Duty of Care – Keeping their global business travelers and assignees safe has become much harder for companies than it once was. Not only are employees traveling more to high risk locations, but more locations (including the U.S.) are considered high risk.
To help protect employees in these areas, and to minimize liability, companies are increasingly advised to heed their duty of care obligations. However, unlike other measures designed to keep employees safe (e.g., health and safety regulations administered by government agencies), these can be tough to figure out. “Duty of care” can not only mean many things, but in some instances it’s not clearly determined what it consists of until after the fact. (That is, after an incident occurs and the company is held liable for what it did or didn’t do.)
Generally speaking, though, the operative word is reasonable: to reasonably anticipate potential dangers and take reasonable precautions. In terms of safety and security for global business travelers and assignees, these can include the following:
- Assessment of a location’s risk – This can range from the obvious (likelihood of violent crime) to environmental factors such as poor air quality.
- Candidate selection – Factors to consider in determining the best fit (and person most likely to stay safe) include his/her ability to do business in the host culture, overall level of cultural fluency, previous experience in similar environments, and knowledge of the local language.
- Security/safety training and briefings – These generally focus on travel risk awareness education — detailed information about any known hazards and threats associated with the destination, along with strategies for prevention and mitigation.
- Language and cultural training – Always useful in a foreign location, this is especially important in riskier environments. Assignees and business travelers will be far safer if they can communicate with those around them and vice versa.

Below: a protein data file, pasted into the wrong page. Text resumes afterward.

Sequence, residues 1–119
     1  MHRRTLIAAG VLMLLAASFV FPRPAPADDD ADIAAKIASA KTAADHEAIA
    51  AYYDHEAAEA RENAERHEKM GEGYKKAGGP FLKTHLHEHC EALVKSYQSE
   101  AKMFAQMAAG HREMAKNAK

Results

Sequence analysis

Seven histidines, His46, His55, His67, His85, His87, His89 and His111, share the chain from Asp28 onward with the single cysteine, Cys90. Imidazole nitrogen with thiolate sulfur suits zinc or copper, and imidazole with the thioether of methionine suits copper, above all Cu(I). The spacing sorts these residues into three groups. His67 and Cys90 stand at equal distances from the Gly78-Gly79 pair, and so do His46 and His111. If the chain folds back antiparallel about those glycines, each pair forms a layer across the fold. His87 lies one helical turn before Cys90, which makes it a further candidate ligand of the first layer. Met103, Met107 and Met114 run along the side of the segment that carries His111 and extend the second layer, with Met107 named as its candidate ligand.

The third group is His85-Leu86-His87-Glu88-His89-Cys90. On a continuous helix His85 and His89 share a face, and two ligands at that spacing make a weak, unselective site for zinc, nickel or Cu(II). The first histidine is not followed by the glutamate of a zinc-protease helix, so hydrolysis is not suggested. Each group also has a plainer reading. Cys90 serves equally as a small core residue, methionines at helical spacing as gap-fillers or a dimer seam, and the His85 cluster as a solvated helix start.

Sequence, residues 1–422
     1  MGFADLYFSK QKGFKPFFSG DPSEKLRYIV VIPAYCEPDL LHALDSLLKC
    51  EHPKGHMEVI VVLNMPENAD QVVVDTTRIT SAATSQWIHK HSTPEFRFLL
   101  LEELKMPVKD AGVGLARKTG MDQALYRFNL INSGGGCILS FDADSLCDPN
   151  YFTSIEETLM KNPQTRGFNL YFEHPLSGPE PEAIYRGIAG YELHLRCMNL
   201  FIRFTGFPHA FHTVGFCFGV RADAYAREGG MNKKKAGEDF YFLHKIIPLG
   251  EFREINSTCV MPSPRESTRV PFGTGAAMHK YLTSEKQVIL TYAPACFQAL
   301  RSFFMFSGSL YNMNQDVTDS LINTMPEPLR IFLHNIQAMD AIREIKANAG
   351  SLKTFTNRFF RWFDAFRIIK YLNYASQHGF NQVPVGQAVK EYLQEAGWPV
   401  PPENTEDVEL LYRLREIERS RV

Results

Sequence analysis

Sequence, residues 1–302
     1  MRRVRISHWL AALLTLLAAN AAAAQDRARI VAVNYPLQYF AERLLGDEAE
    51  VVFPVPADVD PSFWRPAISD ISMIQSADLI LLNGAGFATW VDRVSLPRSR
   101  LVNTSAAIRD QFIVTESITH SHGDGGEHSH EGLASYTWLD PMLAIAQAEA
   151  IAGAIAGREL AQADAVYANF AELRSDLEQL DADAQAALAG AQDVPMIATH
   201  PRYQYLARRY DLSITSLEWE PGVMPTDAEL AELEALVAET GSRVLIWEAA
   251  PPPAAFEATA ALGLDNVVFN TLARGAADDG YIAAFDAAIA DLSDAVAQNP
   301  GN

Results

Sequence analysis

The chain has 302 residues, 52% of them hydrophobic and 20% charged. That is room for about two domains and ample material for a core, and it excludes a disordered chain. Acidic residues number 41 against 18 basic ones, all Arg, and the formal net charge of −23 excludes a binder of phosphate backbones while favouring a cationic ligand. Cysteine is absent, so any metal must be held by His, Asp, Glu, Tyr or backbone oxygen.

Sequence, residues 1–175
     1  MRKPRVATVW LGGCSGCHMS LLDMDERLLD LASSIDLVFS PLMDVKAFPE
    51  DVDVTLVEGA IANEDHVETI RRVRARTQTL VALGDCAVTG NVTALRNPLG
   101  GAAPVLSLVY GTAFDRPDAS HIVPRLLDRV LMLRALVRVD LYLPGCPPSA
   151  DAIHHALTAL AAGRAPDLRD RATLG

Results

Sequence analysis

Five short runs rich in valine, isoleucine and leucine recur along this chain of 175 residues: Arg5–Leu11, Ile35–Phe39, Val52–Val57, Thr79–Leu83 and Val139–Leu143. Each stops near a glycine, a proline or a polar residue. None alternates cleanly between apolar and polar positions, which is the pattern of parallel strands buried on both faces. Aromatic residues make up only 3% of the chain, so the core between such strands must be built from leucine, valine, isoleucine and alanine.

- Medical insurance and preparation — Limited availability of appropriate preventive and therapeutic care, as well as threatening epidemics, are two common issues, as are sanitation practices and a lack of clean water and hygienic facilities. Steps that can be taken to avoid medical issues range from ensuring that employees have the required vaccines to medical evacuation plans and appropriate insurance coverage … just in case.
- Ensuring physical security – The steps required to ensure this depend upon the location and context. Measures can range from providing employees with armed drivers and armored vehicles in highly dangerous areas to ensuring the safety of the physical locations where they live and work.
For each of these risk areas, and any others identified, employers should also have a crisis response plan in place should an incident occur. If an employee is injured and needs hospitalization, for example, the protocol can include referring him or her to specific facilities and practitioners. If this isn’t possible and there are no other suitable options, medical evacuation may be required.
Employers should also put plans and processes in place to track and communicate with their employees. Communications/tracking services that enable them to communicate with the employee (and vice versa) and alert them if communication ends are of paramount importance when it comes to ensuring an individual’s safety and security.
Although Duty of Care requirements can be hazy, companies that do their best to identify these and take appropriate precautions are not only acting ethically, but potentially minimizing their liability. Also, employees who recognize an employer’s commitment to their safety and security often greatly appreciate it and, as a result, may be more willing to travel to higher risk locations.